We have been slowly working away on different projects in the garden, the list changes with the seasons and what becomes a priority. For example the raspberries that once grew where the hot house now is spent weeks in the wheelbarrow but new growth meant a quick decision on where to replant them, decisions seemed to fall into place quickly once I decided not to grow the different raspberry varieties together. As always I am reminded of my own advice, take a big problem and break it down into smaller doable solutions, the rest will fall into place and it did.

Our gardening jobs and maintenance jobs have been stopping and starting as is the way when there are work and study commitments, limited daylight hours and the weather not necessarily working with us on winter weekends. With the raspberries in place a new more secluded spot for this bird house became possible.

The bird house was a homeschooling project Liliana made with Michael’s guidance years ago and it was in need of a new coat of paint and a new timber pole. The bird house and the pole are made from hardwood timber offcuts. We try to stay away from using treated pine or a plastic alternative and I have never regretted this decision. The hardwood has a long life isn’t treated with chemicals and the part of the pole that wasn’t painted and in the ground once removed continues to break down returning to the earth. Michael chopped the rotted end off, the painted part of the pole will be put in the stash pile and used at some stage. The rotted off part of the pole will be chopped up and put at the bottom of a raised garden box that measures 1 metre square. Nothing wasted.

But back to the bird house in question that was in the middle of the big hen house garden. At first birds would use it as a resting place and sit on top of it, one year a pair of sparrows made a nest in it, didn’t hatch any young and never returned. Everything changed when a pair of Grey Shrike Thrush took up residence and hatched a chick. With the bird house placed smack bang in the middle of the hen house yard  the henhouse yard became a no go zone for fear of being swooped or interrupting the Grey Shrike Thrush and them abandoning the nest.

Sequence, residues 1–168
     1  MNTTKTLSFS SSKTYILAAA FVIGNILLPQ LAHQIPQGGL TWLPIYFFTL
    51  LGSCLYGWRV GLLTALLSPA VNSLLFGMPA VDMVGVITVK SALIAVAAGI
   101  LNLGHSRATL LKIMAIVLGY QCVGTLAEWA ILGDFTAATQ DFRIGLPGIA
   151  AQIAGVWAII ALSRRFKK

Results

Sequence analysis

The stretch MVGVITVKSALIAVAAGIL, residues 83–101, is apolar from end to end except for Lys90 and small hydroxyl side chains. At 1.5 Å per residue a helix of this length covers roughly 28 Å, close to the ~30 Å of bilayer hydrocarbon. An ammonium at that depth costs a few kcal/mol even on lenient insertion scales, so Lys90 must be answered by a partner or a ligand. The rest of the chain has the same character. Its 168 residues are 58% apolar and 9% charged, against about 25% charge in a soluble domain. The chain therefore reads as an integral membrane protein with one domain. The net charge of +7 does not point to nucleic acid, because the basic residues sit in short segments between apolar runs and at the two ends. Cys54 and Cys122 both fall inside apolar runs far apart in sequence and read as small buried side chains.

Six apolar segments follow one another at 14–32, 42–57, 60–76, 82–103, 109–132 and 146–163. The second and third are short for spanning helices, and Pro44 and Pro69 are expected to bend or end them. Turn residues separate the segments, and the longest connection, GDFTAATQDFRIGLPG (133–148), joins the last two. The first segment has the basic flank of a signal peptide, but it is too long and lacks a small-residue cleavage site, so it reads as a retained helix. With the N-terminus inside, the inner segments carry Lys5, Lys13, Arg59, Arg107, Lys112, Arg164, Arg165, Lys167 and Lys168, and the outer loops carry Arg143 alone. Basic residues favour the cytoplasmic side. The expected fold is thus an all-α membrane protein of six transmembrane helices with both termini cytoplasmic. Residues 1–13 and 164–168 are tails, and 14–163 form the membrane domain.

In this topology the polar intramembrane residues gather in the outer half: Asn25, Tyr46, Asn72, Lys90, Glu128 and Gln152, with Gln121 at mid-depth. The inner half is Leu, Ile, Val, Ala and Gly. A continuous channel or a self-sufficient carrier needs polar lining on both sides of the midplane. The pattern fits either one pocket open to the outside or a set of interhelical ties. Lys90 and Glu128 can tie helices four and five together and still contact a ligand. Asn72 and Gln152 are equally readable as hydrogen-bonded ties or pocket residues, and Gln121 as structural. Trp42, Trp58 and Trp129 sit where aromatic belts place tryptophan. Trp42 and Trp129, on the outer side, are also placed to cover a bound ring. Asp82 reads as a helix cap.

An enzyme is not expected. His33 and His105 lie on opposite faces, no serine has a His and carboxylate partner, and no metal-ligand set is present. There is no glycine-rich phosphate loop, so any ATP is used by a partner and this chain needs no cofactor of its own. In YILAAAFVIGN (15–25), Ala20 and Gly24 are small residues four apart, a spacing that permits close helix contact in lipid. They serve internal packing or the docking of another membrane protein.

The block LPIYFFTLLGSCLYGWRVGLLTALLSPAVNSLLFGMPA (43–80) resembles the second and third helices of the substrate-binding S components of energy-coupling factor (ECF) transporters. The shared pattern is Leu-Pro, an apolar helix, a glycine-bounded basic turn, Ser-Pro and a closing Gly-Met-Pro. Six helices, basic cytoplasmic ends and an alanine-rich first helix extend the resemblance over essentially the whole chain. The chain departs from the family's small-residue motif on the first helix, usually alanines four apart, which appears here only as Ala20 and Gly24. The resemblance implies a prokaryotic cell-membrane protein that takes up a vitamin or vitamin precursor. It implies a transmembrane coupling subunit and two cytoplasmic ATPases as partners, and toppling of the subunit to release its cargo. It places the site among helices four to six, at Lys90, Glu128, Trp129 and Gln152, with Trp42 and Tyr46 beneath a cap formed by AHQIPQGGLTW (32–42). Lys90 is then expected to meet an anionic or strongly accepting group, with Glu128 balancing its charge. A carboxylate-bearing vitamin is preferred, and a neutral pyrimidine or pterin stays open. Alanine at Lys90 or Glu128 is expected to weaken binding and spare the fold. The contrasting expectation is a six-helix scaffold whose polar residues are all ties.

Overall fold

Apologies for the photos being a little unclear, catching a busy bird is quite the task when they camouflage in so well.

We watched from afar as the pair of adult Grey Shrike Thrush took in turns flying in and out of the bird house. At first to prepare a nest then to busily source food to feed their chick. Hoping to recreate a safer environment for the Grey Shrike Thrush pair when they nest again we have taken the opportunity to shift the bird house to a more secluded spot in the garden and tweek the bird house design. Adding a trap door for easy cleaning if needed once the birds have left the nest.

Tucked in the corner of Lil’s studio garden behind the Japanese Plum Tree and Mon Petit Chou rose we are hoping that the Grey Shrike Thrush will take up residence again. It’s good to have another job ticked off the list, a job we wanted finished before the nesting season begins. I love these projects, birds add so much life and fun to the garden.

Sending Light and Love,

Jude x



The Grey Shrike Thrush.

September 2, 2021



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